overview of the Pacific


The Islands

Michener served 2 tour of duties in the South Pacific. He traveled to 49 Islands and was considered an expert. He describes the Island groups this way:

1) Polynesia-(many) situated in the east. Contains Tahiti, Somoa, Hawaii, Rarotonga. They are the islands most think about when they hear South Sea Islands. The population are light-brown, tall, beautiful.

2) Micronesia- (small) northwest. Guam, Saipan, Palau. Mixed stock of Spanish descent-light brown, medium size, first to be self-governed.

3) Melanesia-(black) southwest Guadacanal, Bougauville, New Caledonia, New Hebrides-Very black population, small stature late in developing self-government.

The exception is Fiji at the exteme east of the Melanesia Islands. There, the people are tall, handsome and have had self-government for many years. The International Dateline runs down the middle of the Pacific Ocean between Somoa and Fiji. The world’s day begins in Fiji and ends in Somoa. New Hebrides, now Vanuatu, is the location of the play. It’s in the Melanesia chain of Islands. In 1825, trader Peter Dillon's discovery of sandalwood on the island of Erromango began a rush that ended in 1830 after a clash between immigrant Polynesian workers and indigenous Melanesians. During the 1860s, planters in Australia, Fiji, New Caledonia, and the Samoa Islands, in need of laborers, encouraged a long-term indentured labor trade called "blackbirding." At the height of the labor trade, more than one-half the adult male population of several of the Islands worked abroad. It was at this time that missionaries, both Catholic and Protestant, arrived on the islands. Settlers also came, looking for land on which to establish cotton plantations. When international cotton prices collapsed, they switched to coffee, cocoa, bananas, and, most successfully, coconuts. Initially, British subjects from Australia made up the majority, but the establishment of the Caledonian Company of the New Hebrides in 1882 soon tipped the balance in favor of French subjects. By the turn of the century, the French outnumbered the British two to one. The jumbling of French and British interests in the islands brought petitions for one or another of the two powers to annex the territory.

In 1906, however, France and the United Kingdom agreed to administer the islands jointly. Called the British-French Condominium, it was a unique form of government, with separate governmental systems that came together only in a joint court. Melanesians were barred from acquiring the citizenship of either power. Challenges to this form of government began in the early 1940s. The arrival of Americans during World War II, with their informal demeanor and relative wealth, was instrumental in the rise of nationalism in the islands. The belief in a mythical messianic figure named John Frum was the basis for an indigenous cargo cult (a movement attempting to obtain industrial goods through magic) promising Melanesian deliverance. Today, John Frum is both a religion and a political party with two members in Parliament. New Hebrides during the war saw no combat. They were part of the supply route for the soldiers fighting in the Coral sea in New Guinea and northward in the Solomon Islands where some of the bloodiest battle took place like Guadal Canal. Michener met a real woman named Bloody Mary. She was a woman from Tonkin, which later became North Vietnam. She got her name, not from betel juice but from her fierce fighting in the exploitation of her people by the French colonists. The foreshadowing of the Vietnam conflict is in this microcosm. She worked for a coconut plantation owner named Ratard, but earned money how she could, including grass skirts, human heads, and liquor for the soldiers. Her money went for the freedom fight of her people.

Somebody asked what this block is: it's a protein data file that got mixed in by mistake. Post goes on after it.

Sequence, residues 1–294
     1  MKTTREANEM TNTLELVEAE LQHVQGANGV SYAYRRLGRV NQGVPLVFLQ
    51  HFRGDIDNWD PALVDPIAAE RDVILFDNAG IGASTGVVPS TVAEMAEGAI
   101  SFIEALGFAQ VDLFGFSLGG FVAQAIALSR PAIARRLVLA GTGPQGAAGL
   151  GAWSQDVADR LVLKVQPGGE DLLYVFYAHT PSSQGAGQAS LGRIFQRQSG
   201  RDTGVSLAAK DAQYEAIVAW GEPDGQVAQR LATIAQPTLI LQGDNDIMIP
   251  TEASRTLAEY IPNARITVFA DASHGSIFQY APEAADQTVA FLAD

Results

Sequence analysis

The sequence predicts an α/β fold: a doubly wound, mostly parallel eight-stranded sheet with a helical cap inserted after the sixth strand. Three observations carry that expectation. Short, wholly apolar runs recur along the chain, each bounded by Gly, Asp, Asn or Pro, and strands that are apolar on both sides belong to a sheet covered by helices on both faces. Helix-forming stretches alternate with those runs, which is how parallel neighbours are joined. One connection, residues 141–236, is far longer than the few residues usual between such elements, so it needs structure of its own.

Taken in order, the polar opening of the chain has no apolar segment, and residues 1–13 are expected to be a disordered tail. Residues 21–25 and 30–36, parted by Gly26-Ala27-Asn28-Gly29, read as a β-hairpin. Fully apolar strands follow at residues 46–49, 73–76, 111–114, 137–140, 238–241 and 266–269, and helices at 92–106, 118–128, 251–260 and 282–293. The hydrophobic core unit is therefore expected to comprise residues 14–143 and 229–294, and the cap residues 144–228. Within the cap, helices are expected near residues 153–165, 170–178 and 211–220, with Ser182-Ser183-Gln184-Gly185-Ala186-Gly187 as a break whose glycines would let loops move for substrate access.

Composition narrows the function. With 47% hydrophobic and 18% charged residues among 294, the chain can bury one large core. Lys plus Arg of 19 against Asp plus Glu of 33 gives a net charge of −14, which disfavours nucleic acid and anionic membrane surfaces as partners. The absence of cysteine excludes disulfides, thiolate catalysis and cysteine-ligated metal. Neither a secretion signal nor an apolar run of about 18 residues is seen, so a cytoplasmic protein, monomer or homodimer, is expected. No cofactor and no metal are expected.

Bali Ha’i It was a real place- Ambae. From the East coast of Santo, the island is a clear blue pyramid rising from the ocean in the early morning light. But as the sun climbs higher, except for rare, clear days, the island quickly disappears behind a glare of sea haze. Ambae's pyramid shape is due to its volcanic origins. The island is a large semi-active shield volcano rising to 1496m above sea level. It's Vanuatu's second highest island with crater lakes on the summit and cloud forests on the upper slopes. East Ambae is wet and the west is a rain-shadow area. There was a real Bali Ha’i. Michener mentions in his book . In the Treasury Island in the Melanesian chain, he came across a village with scrawny residents, ramshackle huts and 1 pig. It was desolate and hopeless looking. On a cardboard sign, he saw the word, Bali Ha’i. The name stuck with him.

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